First, I would like to consider Industrial Engineering & Management Sciences at Northwestern University in Evanston, IL. The program is consistently ranked top 5 in industrial engineering programs nationwide (U.S. News). Ranking aside, the close proximity of Evanston to Chicago is a major bonus. Chicago provides many opportunities for IEs with companies like United Airlines and Mars Inc. I have always been a big fan of cities so residing close to one is a personal bonus. At NWU, I would also get the opportunity to be on Dr. Smilowitz's team, the professor I mentioned early. With my interest in simulation, the possibility of being on Dr. Smilowitz's research team will provide invaluable skills utilizing simulation. Her development of modeling and solution for complex systems in logistics and transportation is an area that I am interested in. Her research interests and results fit my goals to learn more about simulation along with service engineering. The engineering department alone is funded with a budget of $1.5 billion each year so Dr. Smilowitz's project will one of many opportunities available to a NWU student. However, there are also few points of consideration when deciding to pursue NWU. One major point is that the estimated tuition is ~$69,000. Without scholarships, debt will be a huge turning point for me attending with NWU. A smaller point is that program information is only available upon request so I barred from a lot of info. Admission will also be very selective as it is most likely lower than the undergraduate acceptance rate of 11%.

Next, I would like to look at Cornell Financial Engineering Program in Manhattan at Cornell University. The major appeal of this program is that there are financial data science courses integrated into the curriculum of stochastic modeling and optimization modeling (Cornell University). The courses alone are not the only options for learning as the research topics are plenty. The topics include algorithms, financial engineering, information technology modeling, optimization, and supply chain; I am interested in all of these projects! The program seems very flexible with options choosing courses that fit with my professional goals, being modeling intensive. Not only flexible, the program is a short 2-year program with internship placement. Short program time means a quicker entry into the job market and Cornell also states that 95% of their students who completed their studies before December 2017 had received employment offers. With the close proximity to New York City, the IE jobs opportunities are countless so this is a major bonus coupled with the big city personal bonus. NYC is also where most of my family lives and where my parents want to move to so this calls for a family bonus. The tuition at Cornell is also manageable at ~$29,000 with the program only be 1.5-2 years. Cornell's undergraduate admission rate is slightly higher than NWU at 14% so it may or may not be reasonable to guess that admission rate will be more likely.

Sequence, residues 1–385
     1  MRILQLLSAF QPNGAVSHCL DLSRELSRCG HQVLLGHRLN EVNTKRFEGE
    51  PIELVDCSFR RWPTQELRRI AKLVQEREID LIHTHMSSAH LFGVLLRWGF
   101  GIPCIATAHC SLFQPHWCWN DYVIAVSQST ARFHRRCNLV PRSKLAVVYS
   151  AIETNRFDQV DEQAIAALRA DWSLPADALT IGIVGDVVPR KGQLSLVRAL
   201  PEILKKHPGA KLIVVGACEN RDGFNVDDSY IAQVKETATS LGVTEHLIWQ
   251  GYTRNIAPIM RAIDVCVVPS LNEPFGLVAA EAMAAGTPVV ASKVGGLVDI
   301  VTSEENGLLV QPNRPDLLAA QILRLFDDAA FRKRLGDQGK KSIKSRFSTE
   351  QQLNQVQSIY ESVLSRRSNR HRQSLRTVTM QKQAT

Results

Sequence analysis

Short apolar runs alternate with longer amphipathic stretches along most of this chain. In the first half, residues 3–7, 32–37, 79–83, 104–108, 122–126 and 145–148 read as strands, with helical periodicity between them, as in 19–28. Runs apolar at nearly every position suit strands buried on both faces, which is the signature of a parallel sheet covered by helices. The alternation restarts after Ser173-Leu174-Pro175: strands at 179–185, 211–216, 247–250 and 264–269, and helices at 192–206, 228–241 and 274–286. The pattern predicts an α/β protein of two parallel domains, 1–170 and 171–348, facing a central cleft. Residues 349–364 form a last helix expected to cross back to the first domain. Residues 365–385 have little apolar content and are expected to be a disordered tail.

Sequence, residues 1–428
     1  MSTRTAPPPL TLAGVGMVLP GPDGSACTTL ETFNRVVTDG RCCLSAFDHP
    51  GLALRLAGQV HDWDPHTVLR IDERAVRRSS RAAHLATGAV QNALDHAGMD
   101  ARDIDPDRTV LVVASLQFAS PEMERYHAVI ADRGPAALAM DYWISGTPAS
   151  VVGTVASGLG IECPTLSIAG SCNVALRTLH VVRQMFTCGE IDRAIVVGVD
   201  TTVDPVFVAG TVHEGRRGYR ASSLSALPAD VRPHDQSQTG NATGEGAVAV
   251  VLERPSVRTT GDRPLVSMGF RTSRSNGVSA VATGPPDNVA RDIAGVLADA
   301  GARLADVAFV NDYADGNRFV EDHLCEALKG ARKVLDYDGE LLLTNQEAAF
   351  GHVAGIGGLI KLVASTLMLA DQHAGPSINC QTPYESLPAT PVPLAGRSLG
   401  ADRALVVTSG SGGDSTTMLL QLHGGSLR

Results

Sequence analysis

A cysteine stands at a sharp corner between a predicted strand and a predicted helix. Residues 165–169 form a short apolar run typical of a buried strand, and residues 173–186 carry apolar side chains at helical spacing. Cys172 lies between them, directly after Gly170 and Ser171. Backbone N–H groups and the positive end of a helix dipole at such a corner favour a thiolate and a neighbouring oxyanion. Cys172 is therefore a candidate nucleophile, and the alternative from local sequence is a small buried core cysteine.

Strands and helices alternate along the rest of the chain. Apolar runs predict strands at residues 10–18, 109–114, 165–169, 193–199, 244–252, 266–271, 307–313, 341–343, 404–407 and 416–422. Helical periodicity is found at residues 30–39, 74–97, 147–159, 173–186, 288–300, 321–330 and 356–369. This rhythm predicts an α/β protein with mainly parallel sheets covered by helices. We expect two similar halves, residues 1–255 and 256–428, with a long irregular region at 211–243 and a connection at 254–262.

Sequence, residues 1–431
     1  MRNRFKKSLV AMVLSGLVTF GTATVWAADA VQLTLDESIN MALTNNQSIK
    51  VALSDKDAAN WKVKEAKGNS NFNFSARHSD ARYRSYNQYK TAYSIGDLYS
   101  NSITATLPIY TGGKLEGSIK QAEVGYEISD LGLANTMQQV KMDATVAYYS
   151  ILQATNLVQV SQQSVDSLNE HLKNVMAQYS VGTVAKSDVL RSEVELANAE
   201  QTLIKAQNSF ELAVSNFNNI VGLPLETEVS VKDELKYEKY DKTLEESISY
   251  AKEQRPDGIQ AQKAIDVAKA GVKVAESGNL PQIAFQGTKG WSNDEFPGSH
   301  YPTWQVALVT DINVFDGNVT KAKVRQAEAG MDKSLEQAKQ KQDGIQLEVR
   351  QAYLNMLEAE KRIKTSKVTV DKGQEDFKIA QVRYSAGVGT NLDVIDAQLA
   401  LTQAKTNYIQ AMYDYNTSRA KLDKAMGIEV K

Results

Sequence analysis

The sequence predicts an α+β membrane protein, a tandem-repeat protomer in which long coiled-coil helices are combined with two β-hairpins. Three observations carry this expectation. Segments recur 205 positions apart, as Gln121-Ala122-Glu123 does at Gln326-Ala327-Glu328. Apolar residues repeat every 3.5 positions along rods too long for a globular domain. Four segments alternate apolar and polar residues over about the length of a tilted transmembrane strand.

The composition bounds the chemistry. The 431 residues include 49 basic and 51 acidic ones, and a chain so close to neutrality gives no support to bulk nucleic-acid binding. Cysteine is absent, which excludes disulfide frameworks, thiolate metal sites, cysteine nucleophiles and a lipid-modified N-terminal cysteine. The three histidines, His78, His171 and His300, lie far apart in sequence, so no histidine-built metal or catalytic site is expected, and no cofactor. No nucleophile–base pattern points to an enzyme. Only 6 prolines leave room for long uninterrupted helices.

I also looked at a few other universities but found the program or location did not fit due to personal preference or the lack of complete information on those programs. In the future, I think if I really plan on going to graduate school I would make campus visits a top priority. In my search, I found two universities that I was fond of due to different reasons: NWU for the research and community impact that I saw through Dr. Smilowitz and Cornell for its superb stats and location. In the end, I think NWU will come out on top if the program information impresses me more than Cornell's. Through my search, I actually found my big picture question or rather my career goals and did a lot of reflecting on what I actually wanted them to be. This actually occupied my mind for the better half of the past two weeks. I am glad I did the search as this is just a slight dip in the water if I were to really pursue higher education.

If I were to drop everything I'm doing and pursue archaeology, I would do archaeology survey/field reconnaissance. I imagine it to be mind-numbing work at times, but the other day I sat to imagine walking into Tut's tomb as the very first team. That feeling sent shivers through me. Of course, not every discovery will incite such feelings but if they were a fraction of that I would find being an archaeologist possibly appealing. There is also the reason that I love being outdoors, though my pollen allergy is limiting. This would give me another reason to be on a survey/reconnaissance team. I would also really be open data studies because I always find myself gravitating toward numbers. I have really never considered careers outside of engineering as I have always been good with my STEM classes. This exercise was interesting and gives me the incentive to explore!